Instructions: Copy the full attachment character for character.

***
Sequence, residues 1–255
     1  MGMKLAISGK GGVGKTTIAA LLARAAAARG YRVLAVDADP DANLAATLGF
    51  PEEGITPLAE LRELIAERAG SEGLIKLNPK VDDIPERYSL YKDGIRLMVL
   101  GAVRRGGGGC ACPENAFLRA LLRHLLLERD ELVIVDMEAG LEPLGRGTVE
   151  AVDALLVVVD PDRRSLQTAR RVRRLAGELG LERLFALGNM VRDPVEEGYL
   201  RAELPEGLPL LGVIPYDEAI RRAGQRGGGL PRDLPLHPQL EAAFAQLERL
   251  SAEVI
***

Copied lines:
Sequence, residues 1–255
     1  MGMKLAISGK GGVGKTTIAA LLARAAAARG YRVLAVDADP DANLAATLGF
    51  PEEGITPLAE LRELIAERAG SEGLIKLNPK VDDIPERYSL YKDGIRLMVL
   101  GAVRRGGGGC ACPENAFLRA LLRHLLLERD ELVIVDMEAG LEPLGRGTVE
   151  AVDALLVVVD PDRRSLQTAR RVRRLAGELG LERLFALGNM VRDPVEEGYL
   201  RAELPEGLPL LGVIPYDEAI RRAGQRGGGL PRDLPLHPQL EAAFAQLERL
   251  SAEVI